The abstract expressionists were mostly based in New York City and the name encompasses their aim to make art that was abstract but also expressive or emotional. They drew heavily from surrealism and the idea that art should come from the unconscious mind. Within the field of abstract expressionism, there were two primary groups; the so-called “action painters” and the “colour field painters”.
The action painters were led by Jackson Pollock and Willem de Kooning, who worked in a spontaneous improvisatory manner, often using large brushes to make sweeping gestural marks. They seemingly attacked their canvases with expressive brushstrokes that led to spontaneous and loose paintings. They were very liberal with their art style and weren’t afraid of flouting traditional methods of art-making. For example, Pollock famously put his canvases on the ground and danced around it, pouring paint from the can or trailing it from the brush or a stick. In this way, the action painters directly placed their inner impulses onto the canvas.
The second group included Mark Rothko, Barnett Newman and Clyfford Still. They were deeply interested in religion and mythology and created very simple compositions with large areas of colour. Hence the name “colour field painters”. Their artworks were intended to produce contemplative or meditational responses in the viewers. In an essay written in 1948 by Barnett Newman, he says “Instead of making cathedrals out of Christ, man or “life”, we are making it out of ourselves and our own feelings.” This approach to painting developed from around 1960 and was characterized by artists using large areas of more or less a single flat colour.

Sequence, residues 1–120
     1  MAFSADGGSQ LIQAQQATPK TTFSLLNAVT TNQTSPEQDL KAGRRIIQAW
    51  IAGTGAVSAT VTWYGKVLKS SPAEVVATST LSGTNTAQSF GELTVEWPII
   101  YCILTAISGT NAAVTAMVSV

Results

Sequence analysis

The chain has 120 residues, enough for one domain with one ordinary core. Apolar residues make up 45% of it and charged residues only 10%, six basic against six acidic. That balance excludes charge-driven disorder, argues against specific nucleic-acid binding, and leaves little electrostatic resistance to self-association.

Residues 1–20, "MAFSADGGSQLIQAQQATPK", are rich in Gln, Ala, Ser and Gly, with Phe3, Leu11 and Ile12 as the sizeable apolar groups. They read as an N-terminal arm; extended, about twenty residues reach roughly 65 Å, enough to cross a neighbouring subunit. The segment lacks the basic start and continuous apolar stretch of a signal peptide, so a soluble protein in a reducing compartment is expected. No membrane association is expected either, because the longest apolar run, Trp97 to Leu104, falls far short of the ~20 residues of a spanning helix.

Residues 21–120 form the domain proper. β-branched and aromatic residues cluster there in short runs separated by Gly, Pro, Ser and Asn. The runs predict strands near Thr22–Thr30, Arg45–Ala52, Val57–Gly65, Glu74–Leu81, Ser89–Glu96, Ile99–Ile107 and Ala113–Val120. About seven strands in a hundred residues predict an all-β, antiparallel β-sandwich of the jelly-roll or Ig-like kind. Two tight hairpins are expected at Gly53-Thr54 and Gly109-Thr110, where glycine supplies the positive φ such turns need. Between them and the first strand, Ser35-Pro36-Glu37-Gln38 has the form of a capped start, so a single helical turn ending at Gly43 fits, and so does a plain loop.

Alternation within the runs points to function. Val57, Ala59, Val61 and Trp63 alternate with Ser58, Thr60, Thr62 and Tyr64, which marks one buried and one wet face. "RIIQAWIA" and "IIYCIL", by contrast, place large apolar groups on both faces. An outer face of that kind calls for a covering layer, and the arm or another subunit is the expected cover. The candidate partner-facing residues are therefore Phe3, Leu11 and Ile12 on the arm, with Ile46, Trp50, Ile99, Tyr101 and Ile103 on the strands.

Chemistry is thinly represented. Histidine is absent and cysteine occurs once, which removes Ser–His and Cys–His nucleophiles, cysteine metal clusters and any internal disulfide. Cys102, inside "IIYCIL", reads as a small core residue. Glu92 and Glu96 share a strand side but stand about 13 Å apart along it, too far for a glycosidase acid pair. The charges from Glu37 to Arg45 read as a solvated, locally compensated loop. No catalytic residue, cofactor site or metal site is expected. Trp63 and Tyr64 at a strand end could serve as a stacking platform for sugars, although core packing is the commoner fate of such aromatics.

Despite all of this, the term “Abstract Expressionism” was never an ideal label for the movement. It was somehow meant to encompass the works of both fields of artists above. Still, it has become the most accepted term for the movement. All artists in the movement were committed to art as expressions of the self, born out of profound emotion and universal themes. They were highly successful and came at a time when the world was recovering from World War 2. In their success, these New York painters robbed Paris of its mantle as the leader of modern art and set the stage for America’s dominance of the international art world. They saw art expressionism as a struggle between self-expression and the chaos of the subconscious.
With many Europeans fleeing the Nazi invasion, America saw a surge of Surrealist artists on its shores. As the tide of Fascism arose in Europe in the 1930s, these major Surrealist figures sought refuge in New York City. The impact of their ideas, techniques and themes cannot be underestimated in the formation of Abstract Expressionism in the 1940s. Much like the surrealists, the Abstract Expressionists shared a belief that the canvas was a place where the human mind could unload its subconscious. At a time where many were grappling with the darker potential of human experience, this was a welcome change from off the wall art and Impressionism. The Abstract Expressionists shared the belief that abstract art could communicate deeper, more universal truths than naturalistic painting or sculpture, which would typically retain some sort of culturally defined message. Beyond any formal advances made by their movement, Abstract Expressionism came to represent the capacity for freedom in artistic creation.